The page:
You don’t need me to tell you how important computer network time synchronization is. If you are reading this then you are probably well aware of the importance in ensuring all your computers, routers and devices on your network are running the same time.
Failure to synchronize a network can cause all sorts of problems, although with a lack of synchronicity the problems may go unnoticed as error finding and debugging a network can be nigh on impossible without a source of synchronized time.
There are multiple options for finding a source of accurate time too. Most time sources used for synchronisation are a source of UTC (Coordinated Universal Time) which is the international timescale.
However, there are pro’s and con’s to all sources:
There are an almost an endless number of sources of UTC time on the internet. Some of these time sources are wholly inaccurate and unreliable but there are some trusted sources put out by people like NIST (National Institute for Standards and Time) and Microsoft.
However, regardless of how trusted the time source is, there are two problems with internet time sources. Firstly, an internet time server is actually a stratum 2 device. In other words, an internet time server is connected to another time server that gets its time from an atomic clock, usually from one of the sources below. So an internet source of time is never going to be as accurate or precise as using a stratum 1 time server yourself.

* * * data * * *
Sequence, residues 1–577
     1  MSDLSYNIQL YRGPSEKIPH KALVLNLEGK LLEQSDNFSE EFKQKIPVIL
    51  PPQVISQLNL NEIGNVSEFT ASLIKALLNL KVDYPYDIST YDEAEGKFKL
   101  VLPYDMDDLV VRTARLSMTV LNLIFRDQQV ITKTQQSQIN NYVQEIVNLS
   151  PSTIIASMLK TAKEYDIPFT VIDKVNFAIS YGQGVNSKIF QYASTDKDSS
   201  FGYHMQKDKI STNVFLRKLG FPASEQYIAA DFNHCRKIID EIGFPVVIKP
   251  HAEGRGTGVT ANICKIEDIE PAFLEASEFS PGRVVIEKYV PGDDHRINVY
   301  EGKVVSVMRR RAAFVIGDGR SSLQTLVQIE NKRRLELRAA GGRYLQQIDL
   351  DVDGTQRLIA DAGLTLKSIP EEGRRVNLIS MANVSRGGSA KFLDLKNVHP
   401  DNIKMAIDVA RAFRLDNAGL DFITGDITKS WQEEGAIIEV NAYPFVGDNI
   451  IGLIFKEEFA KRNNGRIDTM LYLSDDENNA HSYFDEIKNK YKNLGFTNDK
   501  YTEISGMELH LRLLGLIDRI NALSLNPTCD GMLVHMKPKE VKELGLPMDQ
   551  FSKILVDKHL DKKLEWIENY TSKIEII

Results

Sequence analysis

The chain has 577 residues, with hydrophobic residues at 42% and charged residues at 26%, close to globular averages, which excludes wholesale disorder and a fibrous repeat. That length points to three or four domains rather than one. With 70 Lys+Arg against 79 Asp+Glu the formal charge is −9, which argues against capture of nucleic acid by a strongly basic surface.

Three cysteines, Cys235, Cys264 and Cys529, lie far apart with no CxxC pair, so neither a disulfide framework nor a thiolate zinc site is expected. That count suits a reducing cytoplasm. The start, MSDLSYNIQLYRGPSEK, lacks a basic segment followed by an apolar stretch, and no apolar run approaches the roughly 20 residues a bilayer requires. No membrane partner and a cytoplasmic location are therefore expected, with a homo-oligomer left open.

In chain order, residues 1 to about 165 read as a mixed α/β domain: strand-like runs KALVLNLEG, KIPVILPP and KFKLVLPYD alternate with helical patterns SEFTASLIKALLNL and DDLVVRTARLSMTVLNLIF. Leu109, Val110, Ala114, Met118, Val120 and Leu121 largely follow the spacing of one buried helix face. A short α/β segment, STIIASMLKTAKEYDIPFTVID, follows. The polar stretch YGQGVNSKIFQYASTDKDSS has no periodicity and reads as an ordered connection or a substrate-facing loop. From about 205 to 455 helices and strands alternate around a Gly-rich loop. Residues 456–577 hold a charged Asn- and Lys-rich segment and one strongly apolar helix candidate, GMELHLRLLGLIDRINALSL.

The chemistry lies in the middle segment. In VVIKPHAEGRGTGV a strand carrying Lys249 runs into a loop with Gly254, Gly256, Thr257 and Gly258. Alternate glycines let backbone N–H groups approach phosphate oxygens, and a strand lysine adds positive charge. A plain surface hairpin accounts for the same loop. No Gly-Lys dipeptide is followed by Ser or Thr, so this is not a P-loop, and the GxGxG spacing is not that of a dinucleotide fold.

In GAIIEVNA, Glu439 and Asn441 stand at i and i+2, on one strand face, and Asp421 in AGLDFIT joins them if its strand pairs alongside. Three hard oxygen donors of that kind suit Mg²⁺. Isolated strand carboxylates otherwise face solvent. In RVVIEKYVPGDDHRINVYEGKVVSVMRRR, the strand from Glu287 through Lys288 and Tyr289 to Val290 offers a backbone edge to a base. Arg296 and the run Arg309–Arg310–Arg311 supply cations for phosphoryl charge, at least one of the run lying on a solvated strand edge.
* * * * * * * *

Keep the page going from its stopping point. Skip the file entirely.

Secondly, and more importantly, internet sources of time operate through the firewall so a potential security breach is available to any malicious user who wishes to take advantage of the open ports.
GPS time is far more secure. Not only is a GPS time signal available anywhere with a line of sight view of the sky, but also GPS time signals can be received externally to the network. By using a GPS time server the GPS time signals can be received and by using NTP (Network Time Protocol) this time can be converted to UTC (GPS time is currently 17 seconds exactly behind GPS time) then distributed around the network.
Radio broadcasts in long wave are transmitted by several national physics labs. NIST and the UK’s NPL are two such organisations and they transmit the UTC signals MSF (UK) and WWVB (USA) which can be received and utilised by a radio referenced NTP server.